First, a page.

What are the odds I ask?
Why the hoopla though? Well not only is it my 100th post, but it co insides with my first major departure from Dunedin since my arrival in New Zealand 3 months ago (and 7 days).
Okay so the breakdown of the break thus far has been hitting many of the interesting points of the middle of the South Island. These include, but not restricted to, Christchurch (largest city of the South Island), Hanmer Springs (home of a pretty cool hot tub. Get the pun there), and Kiakoura (the top of my must see list).
Now rather then a boring LONG post which I'd have to take the time to write and you read I'm going to save us all some time and effort. They say a picture is worth a 1000 words. In which case here is my thesis of the break so far.
During the first night a friendly debate broke as to the exact length of the lines on the pavement of the highway. I guessed they'd be about 2 metres where Andrew swore they were more on the order of 15 feet. Stopping the car for a break we proceeded to use ourselves as measuring tapes. As you can see Andrew won.
Part way through Shannon grew tired of driving the car her flatmate was extremely generous enough to lend us. That meant I got to take over and drive for the first time on the wrong side of the road. I'm glad and happy to report between the both of us driving no damage came to us or the car.
Not much to say here other then some very nice scenery to be had around New Zealand. Letting these pics do the talking at a 1000 words per shot. With them I'll hopefully make the minimal accepted length.
Explorers and Exploration
We hit the supposed hot spot for New Zealand fossils. Now granted this was merely the claim of a tourism book we picked up, and it was only a one paragraph disclaimer. No where was anywhere marked as to look so we pulled off toward a beach in the area, and I decided we should stop here to check out this outcrop first. I indeed found a fossil...
Sadly not much to write home about (yet here I am doing it!). I found this and about 9 more of these snail shells. If I had to guess rather recent Pliocene. The whole area was a very soft mudstone strata, and not looking so ideal for major fossil preservation. Guess not everywhere can have Albertosaur Teeth and Hadrosaur bonebeds.
Despite this lack of big impressive things to find Shannon got right into the spirit of searching. As Dr. Dylke (my new nickname from this attempted fossil hunt) I decreed Shannon the Jr. Geologist and Naturalist of the day award. Here she is displaying her trophies of the day. Some rocks that contained some calm fossils and a modern bone (Andrew reckoned a whole seal. I think he might have been off in the percentage of the remains, but I agree in his overall identification).
Speaking of Andrew he had a lot of fun playing around with some of the limestone erratics around the beach on the mudstone of the hills.
Elsewhere we stopped off to check out a seal "colony". After a whole 2 hours searching I was able to find 3 seals in total. The kicker was they were all right by the car (where we hiked some 5 km around the area looking for them). It wasn't a bust though. Andrew had yet to see a New Zealand Fur Seal (that alone any seal) in the wild or alive. Here he is posed in front of it (it's right to the left of him. Part of the reason they were hard to find I think was they blended in with these rocks so perfectly).
We also stopped to check out the famous boulders north of Dunedin on the way home. Sadly they didn't live up to the size one images when hearing about them. However they were very cool being completely spherical. Andrew had fun trying to leap them in a single bound.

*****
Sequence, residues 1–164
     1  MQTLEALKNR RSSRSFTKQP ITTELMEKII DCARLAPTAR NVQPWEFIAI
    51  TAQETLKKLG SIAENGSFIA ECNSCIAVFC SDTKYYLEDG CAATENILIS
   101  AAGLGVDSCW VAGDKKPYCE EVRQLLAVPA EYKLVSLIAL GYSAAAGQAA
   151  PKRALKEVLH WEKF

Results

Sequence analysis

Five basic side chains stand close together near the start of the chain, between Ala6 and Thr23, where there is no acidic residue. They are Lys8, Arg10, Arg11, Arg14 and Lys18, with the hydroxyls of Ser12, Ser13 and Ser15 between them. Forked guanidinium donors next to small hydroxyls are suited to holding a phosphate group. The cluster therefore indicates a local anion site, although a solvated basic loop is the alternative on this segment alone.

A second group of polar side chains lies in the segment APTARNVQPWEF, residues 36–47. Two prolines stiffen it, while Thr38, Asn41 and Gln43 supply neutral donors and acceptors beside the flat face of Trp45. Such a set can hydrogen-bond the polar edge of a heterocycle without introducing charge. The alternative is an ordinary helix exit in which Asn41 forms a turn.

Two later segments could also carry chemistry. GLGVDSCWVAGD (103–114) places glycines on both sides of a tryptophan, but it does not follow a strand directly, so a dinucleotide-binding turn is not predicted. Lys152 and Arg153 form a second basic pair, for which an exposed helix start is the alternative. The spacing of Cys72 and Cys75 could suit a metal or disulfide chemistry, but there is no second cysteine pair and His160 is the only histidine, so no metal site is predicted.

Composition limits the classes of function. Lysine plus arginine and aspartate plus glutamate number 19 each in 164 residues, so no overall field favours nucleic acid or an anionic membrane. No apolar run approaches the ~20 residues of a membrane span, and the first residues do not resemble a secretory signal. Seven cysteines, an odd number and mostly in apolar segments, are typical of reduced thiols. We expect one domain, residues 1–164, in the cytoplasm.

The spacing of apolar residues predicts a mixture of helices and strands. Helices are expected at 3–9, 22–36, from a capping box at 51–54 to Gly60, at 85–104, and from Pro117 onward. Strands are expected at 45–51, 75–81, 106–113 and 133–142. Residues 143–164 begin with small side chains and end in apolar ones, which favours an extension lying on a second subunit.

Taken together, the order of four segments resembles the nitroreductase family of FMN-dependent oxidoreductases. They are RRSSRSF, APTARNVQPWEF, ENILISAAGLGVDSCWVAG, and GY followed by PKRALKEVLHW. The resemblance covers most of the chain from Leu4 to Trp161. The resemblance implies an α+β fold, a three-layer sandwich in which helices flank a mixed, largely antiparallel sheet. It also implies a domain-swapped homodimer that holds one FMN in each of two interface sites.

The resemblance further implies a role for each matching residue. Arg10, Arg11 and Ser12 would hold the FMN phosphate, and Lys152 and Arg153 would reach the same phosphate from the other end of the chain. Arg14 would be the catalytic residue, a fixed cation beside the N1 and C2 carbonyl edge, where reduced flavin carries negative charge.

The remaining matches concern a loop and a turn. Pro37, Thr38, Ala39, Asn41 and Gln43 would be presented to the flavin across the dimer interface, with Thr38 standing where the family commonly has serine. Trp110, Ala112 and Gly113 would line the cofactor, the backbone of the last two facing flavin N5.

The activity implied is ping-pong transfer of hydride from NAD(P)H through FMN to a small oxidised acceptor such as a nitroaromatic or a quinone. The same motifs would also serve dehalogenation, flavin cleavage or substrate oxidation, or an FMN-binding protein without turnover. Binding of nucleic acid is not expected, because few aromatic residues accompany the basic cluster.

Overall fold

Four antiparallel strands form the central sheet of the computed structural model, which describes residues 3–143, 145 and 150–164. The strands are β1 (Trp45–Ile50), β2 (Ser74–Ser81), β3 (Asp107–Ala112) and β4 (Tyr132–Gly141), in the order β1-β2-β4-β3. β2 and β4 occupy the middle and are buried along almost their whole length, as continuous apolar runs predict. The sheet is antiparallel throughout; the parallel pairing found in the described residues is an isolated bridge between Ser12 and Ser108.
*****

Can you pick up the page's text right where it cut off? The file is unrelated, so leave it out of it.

I owe you a video here
Examples of Andrew's death defying leaps across the boulders
Hopefully the name on the building says enough cause I mean please! That's hardly 1000 words.
Shannon decided she had to look her best in front of the whales and thus put on her gum boots just for the occasion.
Now as if these pics weren't doing me enough to get this entry to the size of novel how do moving pictures effect word count. Watching this you'll get an idea of why this was my favourite stop of the trip.
The luckiest bum in the world right here.
What rogues gallery line up of photos then those taken with a whale
Andrew the whale is behind you!
Was cool to see the Albatross actually in the "wild". They spend 80% of their lives at the see coming to shore only to breed. Having seen the 20% end of this time allocation it was sweet as to see them doing what they do best. These were a different species then we have nesting in Dunedin mind you.
The main whale himself (in this case indeed a male) a Sperm Whale. My childhood favourite. This may look like an artsy shoot, but was not intentionally. It was my attempt to take a pic without looking through the view finder. I say it worked out well considering that.
As though seeing my favourite whale in one day wasn't enough the pod of some 100-200 of my favourite Dolphins in the same go definitely pushed it up there. Now granted technically my fav Dolphin is the Pacific White Sided Dolphin, but the Dusky is simply the Southern (and Atlantic) equivalent. They just have a slightly different stripe pattern then the Pacific so in my book they count!
Though not as "nerdy" into Whales or Dolphins as me, Andrew and Shannon still had an awesome time. I even caught it on camera. Shannon contently watching the dozen Dolphins that played off the bow of our boat.
Well that's the end of this my 100th blog entry. Sure there is a lot left unsaid of this trip, but hey aren't you tired after reading this HUGE entry. I mean that must have been some half a million words counting the movies. I sure know I'm tired after writing it!